“Arrivederci, Roma!” I yelled as Gatz and I removed our costumes and makeup and followed our planned escape route: behind the curtain, down the spiral staircase, into our clothes, out the basement door, across the street, into Thayer Hall—soon lost in the dining room crowd. I realized that Gatz and I hadn’t even looked at each other since we were in costume.
I understood at that moment that Gatz was as engaged as only a superb artist could be: focused upon the goal, savoring the moment in order to exploit it. “Amazing,” I whispered over a plate of mashed potatoes and mystery meat. “We stopped the street.”
Gatz raised his eyebrows. “Did we?” he asked.
“Absolutely,” I said. “The center gave way, leaving the right to crumble and the left struggling alone in desolate isolation.”
The next day the phantom Hitler and the ghostly Mussolini were the talk of Dartmouth Radio, the local newspaper and the student body. ROTC demanded that the sinning students give themselves up to College authorities, who said that although the representation of the Axis leaders was obviously a student prank, it was considered to have been executed in very bad taste.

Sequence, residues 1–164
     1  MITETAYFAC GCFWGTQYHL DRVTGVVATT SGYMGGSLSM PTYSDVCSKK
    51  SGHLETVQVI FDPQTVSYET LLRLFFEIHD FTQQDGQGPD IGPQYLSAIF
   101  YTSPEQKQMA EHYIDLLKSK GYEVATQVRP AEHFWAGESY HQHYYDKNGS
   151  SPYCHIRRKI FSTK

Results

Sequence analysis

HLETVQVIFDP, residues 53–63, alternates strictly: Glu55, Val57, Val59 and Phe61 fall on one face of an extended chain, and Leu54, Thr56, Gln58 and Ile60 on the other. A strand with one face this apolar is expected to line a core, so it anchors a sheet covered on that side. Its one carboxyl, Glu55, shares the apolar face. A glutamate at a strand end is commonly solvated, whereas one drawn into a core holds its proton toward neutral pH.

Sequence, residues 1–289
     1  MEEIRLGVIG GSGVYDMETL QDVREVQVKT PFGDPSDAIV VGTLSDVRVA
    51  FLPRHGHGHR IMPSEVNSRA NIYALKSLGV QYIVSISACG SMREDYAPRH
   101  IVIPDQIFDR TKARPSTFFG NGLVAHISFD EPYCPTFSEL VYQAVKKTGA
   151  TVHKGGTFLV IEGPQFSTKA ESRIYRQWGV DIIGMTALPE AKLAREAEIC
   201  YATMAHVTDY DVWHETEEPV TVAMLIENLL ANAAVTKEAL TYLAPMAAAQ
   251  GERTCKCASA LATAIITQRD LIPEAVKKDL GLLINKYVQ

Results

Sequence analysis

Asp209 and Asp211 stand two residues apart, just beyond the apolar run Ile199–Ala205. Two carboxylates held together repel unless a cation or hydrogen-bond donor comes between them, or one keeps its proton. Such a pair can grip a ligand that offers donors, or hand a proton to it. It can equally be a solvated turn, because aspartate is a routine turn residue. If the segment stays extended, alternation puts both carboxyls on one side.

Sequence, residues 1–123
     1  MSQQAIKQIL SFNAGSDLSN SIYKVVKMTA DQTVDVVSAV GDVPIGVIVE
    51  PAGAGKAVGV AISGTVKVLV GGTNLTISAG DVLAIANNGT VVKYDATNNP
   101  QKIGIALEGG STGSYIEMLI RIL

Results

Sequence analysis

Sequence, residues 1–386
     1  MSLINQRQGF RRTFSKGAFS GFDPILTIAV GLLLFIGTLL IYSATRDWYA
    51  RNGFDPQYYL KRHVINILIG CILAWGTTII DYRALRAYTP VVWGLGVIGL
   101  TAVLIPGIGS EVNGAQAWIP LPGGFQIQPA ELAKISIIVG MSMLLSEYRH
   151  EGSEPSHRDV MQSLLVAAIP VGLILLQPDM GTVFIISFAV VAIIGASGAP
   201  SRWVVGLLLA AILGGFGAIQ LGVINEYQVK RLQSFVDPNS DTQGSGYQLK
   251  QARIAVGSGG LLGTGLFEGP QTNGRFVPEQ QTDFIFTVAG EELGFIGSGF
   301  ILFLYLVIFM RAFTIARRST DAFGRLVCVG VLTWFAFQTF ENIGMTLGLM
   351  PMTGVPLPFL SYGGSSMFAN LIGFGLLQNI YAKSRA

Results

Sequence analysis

For one week, students debated the right of the mysterious Axis powers to appear on a balcony during the parade. The local paper wrote an editorial on how the two invaders had dishonored all those who had died so that America would continue to have the freedom to dishonor anybody it wished. It was an odd argument. After two weeks the phantom duo was called cowardly by the local paper and boring by The D, because they would not show themselves.
“I didn’t think we were boring,” I told Gatz. “I certainly wasn’t bored,” he said.
“We’ll surprise them yet,” I replied. And surprise them we did: We created a club to address the issues of racism and atomic proliferation, based upon the principles of Bertrand Russell. It was called the Human Rights Society. There were seven of us human righters out of a population of more than 2,500 undergraduates.
Within a decade Parkhurst Hall would be occupied by students, led by another student named Geller, although I’ve never met him. The occupation of Parkhurst would have nothing to do with the Human Rights Society—one of the most wonderfully polite associations formed to address America’s and the world’s social ills. The actions in Vietnam and America’s ghettos had irrevocably done away with the silly tasteful and pushed us into a newer world, where Topsy soon married Turvy and eventually their Tweedledum offspring left their ancient homes to cook on a newer range.
Stephen Geller is a novelist, screenwriter, playwright and director. This is adapted from his forthcoming book, Sabbath-on-Swathe: The Authorized Autobiography.